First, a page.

Life has been pretty crazy since oh, about last December. You see, not only am I a professional artist, I am also president of a non-profit organization, NUNU Arts and Culture Collective, that is partnering with an arts and culture organization in Redon, France, Les Articulteurs. This has meant a lot of time working on our mutual projects and two trips to France since January. Meanwhile, I have also been painting for an exhibit, “Louisiana Landscapes,” which includes artists George Marks, Lisa diStefano and myself. The show just went up at Gallery at the Manship Theater in the Shaw Center in downtown Baton Rouge. I feel incredibly lucky to have these amazing opportunities and to work with such wonderful and talented people on both sides of the Atlantic.
Here are images of the four paintings I completed for the exhibit. The reception is December 13th at 6:00 pm. I will be there, everyone is invited! Please come by if you can.
Echo XXIX, 72″ x 72″
Echo XXX, 72″ x 92″
Echo XXI, 108″ x 11.5″
Echo XXXII, 36″ x 96″
My father’s last words to me were, “I don’t like this, Jill.” He struggled so hard just to say that. I held his hand and told him I couldn’t even imagine. His last words to my children were, “I love you.”
Back in March I had plans to fly to West Virginia (via Pittsburgh) a week later to see my dad, knowing he did not have much time left. But it seemed really urgent to get there so my family packed up the car, pulled the kids out of school and drove to Wheeling, pleading on the phone for my dad to “hold on, we were coming.” He did hold on and we did get to see him one last time. Hug him one last time. He passed away about 36 hours after we left to go back home. That ticket I purchased to visit my dad was used to fly up for his funeral. It was so hard to say goodbye to my hero.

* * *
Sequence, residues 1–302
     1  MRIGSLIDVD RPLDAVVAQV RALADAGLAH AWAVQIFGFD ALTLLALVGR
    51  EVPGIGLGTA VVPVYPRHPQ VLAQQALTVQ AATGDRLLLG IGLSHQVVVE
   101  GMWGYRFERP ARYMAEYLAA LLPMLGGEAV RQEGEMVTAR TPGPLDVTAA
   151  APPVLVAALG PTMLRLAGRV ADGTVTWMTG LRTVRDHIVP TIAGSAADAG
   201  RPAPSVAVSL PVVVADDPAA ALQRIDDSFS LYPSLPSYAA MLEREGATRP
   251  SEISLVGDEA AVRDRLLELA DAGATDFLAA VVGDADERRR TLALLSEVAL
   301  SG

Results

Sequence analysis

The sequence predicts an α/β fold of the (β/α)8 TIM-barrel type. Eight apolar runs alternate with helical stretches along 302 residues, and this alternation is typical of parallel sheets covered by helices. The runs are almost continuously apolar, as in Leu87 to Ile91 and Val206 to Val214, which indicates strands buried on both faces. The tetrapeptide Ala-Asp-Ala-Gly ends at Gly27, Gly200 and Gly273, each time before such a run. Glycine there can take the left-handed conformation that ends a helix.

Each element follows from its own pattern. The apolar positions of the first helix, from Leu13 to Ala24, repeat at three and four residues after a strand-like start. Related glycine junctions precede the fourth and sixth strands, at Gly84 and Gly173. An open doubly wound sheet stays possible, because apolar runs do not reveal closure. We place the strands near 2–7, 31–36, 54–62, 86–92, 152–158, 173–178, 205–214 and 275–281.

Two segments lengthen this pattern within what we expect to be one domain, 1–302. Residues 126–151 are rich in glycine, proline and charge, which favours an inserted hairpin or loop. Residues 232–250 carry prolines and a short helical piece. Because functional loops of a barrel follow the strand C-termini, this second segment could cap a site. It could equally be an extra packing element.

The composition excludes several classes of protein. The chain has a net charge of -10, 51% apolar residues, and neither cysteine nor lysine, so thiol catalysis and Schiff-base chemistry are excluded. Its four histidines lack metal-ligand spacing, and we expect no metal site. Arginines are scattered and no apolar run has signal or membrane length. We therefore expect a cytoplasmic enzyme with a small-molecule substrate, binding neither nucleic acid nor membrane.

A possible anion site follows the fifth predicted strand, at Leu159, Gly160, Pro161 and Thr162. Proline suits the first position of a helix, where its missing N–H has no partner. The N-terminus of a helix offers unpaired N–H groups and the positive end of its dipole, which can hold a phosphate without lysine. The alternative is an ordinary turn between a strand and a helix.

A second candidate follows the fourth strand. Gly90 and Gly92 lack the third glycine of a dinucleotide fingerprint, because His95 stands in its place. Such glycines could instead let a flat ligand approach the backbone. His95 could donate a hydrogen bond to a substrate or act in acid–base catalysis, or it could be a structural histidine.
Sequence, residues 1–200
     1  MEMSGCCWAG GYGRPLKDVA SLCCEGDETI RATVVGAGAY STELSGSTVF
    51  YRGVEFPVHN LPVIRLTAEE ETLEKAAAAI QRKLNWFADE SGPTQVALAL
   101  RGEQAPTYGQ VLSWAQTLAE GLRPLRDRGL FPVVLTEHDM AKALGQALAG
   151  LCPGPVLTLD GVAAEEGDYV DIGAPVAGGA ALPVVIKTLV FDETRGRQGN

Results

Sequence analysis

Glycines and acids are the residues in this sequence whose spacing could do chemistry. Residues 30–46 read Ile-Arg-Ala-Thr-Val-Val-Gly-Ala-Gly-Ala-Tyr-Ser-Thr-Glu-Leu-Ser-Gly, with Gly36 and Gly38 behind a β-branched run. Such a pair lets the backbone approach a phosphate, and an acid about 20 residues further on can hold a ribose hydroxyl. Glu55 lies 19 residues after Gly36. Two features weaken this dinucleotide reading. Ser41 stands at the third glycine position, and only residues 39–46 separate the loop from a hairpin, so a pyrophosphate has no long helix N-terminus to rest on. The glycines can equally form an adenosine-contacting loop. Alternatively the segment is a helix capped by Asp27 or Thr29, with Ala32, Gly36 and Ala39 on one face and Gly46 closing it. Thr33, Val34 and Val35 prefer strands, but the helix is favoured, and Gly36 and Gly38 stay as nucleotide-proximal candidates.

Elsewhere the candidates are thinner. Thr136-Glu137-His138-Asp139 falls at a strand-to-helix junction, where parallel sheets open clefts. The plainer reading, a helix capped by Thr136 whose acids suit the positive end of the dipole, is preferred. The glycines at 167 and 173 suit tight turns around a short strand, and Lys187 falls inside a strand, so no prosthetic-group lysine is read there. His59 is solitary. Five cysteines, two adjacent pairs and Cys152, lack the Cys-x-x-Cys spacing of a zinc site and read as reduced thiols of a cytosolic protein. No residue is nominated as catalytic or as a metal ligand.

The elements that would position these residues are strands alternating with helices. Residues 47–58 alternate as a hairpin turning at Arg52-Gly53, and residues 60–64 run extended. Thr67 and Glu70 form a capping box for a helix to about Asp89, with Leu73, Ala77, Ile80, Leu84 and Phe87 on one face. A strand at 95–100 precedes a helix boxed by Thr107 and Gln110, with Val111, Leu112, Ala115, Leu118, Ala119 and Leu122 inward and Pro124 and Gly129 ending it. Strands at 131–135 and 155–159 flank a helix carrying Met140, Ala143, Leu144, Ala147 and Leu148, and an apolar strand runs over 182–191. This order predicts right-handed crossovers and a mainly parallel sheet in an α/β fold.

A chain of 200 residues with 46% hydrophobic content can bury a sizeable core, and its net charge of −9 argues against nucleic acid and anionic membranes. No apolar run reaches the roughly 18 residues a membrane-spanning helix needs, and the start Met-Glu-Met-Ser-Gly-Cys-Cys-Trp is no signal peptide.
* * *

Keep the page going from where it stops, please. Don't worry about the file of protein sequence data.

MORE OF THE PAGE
Thank you for believing in me dad, believing in my talent. Thank you for not holding me back when I wanted to go to a high school exclusively for art. Thank you for supporting my education to pursue a degree in fine arts. Thank you for being the dreamer that you were and showing me that the American Dream is attainable. For being the man who went from brick layer and steel worker in the Ohio Valley, to a high powered attorney who worked for the Federal Reserve Bank in Cleveland, Ohio and Hibernia National Bank in New Orleans, LA. Thank you for showing me that when you dream big, anything is possible. You gave us some pretty big shoes to fill dad, fortunately your only expectation of us was to create our own “shoes,” to carve our own paths of success.
I love you dad.